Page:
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Royal Palm Properties, LLC v. Pink Palm Properties, LLC

United States District Court, S.D. Florida

May 9, 2018




         This matter is before the Court on Plaintiffs Amended Motion to Disqualify and/or Exclude Expert [106]. The Motion has been fully briefed. Upon review, the Motion is granted in part and denied in part for the reasons set forth below.

         Defendant has retained an attorney-expert for trial, Mr. Mark Stein. Plaintiff characterizes this expert as somewhat akin to a co-counsel for Defendant insofar as Mr. Stein, according to Plaintiff, will argue Defendant's legal theories to the jury. As a result, Plaintiff has moved to strike or disqualify Mr. Stein. Mr. Stein's conclusions in this case are as follows:

a. RPP failed to disclose to the Examiner that the "Royal Palm" portion of its mark ROYAL PALM PROPERTIES identifies a geographic location and had RPP made this disclosure, a reasonable and diligent Examiner would have rejected the trademark application on the basis that the mark is primarily geographically descriptive undeliS U.S.C. §§ 1052(e)(2).
b. RPP failed to provide an evidence of a prior registration and failed to provide any evidence of acquired distinctiveness of the mark ROYAL PALM PROPERTIES and for these reasons, a reasonable and diligent Examiner should have rejected RPP's Section 2(f) Claim.
c. RPP failed to provide the Examiner with relevant and material information to RPP's Section 2(f) Claim, which omission misled the Examiner and had RPP disclosed this information, a reasonable and diligent Examiner would have rejected RPP's Section 2(0 Claim.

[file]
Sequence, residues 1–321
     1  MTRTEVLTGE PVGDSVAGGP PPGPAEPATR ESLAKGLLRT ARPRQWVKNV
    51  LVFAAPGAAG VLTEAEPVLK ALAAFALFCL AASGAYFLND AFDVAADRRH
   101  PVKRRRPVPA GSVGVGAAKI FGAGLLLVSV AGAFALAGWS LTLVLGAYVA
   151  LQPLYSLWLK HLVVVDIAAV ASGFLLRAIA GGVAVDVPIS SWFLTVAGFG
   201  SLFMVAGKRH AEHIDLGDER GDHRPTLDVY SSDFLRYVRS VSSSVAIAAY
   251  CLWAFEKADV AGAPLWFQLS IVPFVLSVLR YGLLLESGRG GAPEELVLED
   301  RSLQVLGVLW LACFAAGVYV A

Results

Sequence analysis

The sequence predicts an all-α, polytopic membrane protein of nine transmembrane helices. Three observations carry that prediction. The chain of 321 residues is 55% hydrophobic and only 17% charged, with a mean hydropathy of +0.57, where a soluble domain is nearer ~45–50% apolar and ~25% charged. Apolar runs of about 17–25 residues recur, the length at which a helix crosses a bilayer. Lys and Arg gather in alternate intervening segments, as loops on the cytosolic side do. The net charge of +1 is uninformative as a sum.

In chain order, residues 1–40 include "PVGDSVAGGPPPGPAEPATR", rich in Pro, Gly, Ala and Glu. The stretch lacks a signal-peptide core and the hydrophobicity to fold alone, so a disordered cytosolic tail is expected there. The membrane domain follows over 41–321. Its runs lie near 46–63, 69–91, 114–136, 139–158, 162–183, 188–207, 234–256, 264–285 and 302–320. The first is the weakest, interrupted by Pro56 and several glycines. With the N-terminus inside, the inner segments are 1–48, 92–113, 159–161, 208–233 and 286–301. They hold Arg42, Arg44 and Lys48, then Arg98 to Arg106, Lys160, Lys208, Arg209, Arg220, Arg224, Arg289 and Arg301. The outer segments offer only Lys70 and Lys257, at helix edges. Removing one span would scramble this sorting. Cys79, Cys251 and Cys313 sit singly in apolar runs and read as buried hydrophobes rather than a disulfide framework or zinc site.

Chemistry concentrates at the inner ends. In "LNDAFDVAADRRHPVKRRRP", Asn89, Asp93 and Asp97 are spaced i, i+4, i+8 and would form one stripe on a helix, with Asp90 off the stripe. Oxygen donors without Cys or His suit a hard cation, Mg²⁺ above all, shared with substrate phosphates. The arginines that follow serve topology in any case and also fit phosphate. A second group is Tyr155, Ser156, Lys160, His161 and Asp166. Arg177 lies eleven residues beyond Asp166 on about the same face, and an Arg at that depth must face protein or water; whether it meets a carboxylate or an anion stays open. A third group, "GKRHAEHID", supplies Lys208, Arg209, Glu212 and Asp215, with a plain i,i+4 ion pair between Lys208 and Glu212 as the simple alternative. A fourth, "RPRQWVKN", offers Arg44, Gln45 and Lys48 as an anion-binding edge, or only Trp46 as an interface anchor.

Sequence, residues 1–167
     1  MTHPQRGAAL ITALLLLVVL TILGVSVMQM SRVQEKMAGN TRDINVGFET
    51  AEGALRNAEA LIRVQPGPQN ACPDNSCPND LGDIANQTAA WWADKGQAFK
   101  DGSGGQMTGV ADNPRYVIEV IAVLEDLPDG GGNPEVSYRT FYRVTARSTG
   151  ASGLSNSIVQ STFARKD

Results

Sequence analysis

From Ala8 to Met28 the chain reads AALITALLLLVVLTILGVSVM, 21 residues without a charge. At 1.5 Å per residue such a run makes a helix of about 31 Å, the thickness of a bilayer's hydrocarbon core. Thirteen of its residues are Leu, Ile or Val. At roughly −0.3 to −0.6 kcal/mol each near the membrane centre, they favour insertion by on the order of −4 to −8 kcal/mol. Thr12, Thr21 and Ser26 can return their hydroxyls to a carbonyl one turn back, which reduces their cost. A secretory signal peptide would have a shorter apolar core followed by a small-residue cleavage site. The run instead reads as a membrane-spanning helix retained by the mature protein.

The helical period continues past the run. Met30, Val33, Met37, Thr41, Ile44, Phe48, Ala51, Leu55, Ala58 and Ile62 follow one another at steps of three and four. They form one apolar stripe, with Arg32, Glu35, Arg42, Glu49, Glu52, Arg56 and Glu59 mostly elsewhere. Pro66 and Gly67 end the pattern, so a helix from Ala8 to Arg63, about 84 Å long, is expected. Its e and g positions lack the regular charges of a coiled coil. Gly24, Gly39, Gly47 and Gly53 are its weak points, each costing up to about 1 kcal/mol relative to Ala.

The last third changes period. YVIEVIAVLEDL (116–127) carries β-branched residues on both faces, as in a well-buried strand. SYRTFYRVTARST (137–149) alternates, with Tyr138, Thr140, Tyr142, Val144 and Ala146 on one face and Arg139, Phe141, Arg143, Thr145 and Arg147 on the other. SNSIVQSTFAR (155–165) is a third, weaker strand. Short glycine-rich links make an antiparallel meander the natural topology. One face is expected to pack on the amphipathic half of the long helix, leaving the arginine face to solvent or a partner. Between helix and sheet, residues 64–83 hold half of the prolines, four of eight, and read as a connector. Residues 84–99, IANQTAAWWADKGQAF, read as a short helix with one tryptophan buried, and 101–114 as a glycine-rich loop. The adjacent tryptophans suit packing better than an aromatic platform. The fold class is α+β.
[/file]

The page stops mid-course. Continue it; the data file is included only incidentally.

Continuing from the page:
d. If a reasonable and diligent Examiner of the trademark application for ROYAL PALM PROPERTIES located either ROYALE PALMS, U.S. Registration No.: 3341336 and ROYALE PALMS AT KINGSTON SHORES, U.S. Registration No.: 3363326 in conducting a search for conflicting marks, the reasonable and diligent Examiner would have refused registration of this application on the basis that that one or both of the above marks is likely to cause confusion with the applied for mark.

DE 106-1 at 19-29. Mr. Stein's conclusions may be adequately summarized as follows: (i) Plaintiff failed to disclose certain information to the United States Patent and Trademark Office, (ii) as a result of this failure to disclose, Plaintiff was improperly granted a trademark and (iii) a trademark should not have been granted to Plaintiff. Mr. Stein's conclusions must be juxtaposed to Defendant's counterclaim to cancel Plaintiffs trademark registration. The Court addresses Mr. Stein's conclusions separately.

         A. Whether Plaintiff was Improperly Granted a Mark or Whether Plaintiffs Mark Should be Cancelled

         A court may cancel a trademark registration within five years from the initial date of registration for any reason that would have been sufficient to deny the initial registration. Int 'IMobile Mack Corp. v. Int'l Tele. Corp., 800 F.2d 1118, 1119 (Fed. Cir. 1986). Here, Plaintiffs trademark was registered on November 27, 2012. DE 60-1. This case was initiated on April 17, 2017, and is therefore within the five-year limit cited above. A sufficient basis to deny a trademark's registration is a finding that the trademark is likely to cause confusion with another mark, CFE Racing Products, Inc. v. BMF Wheels, Inc., 793 F.3d 571, 595 (6th Cir. 2015), and other grounds for cancellation exist as well.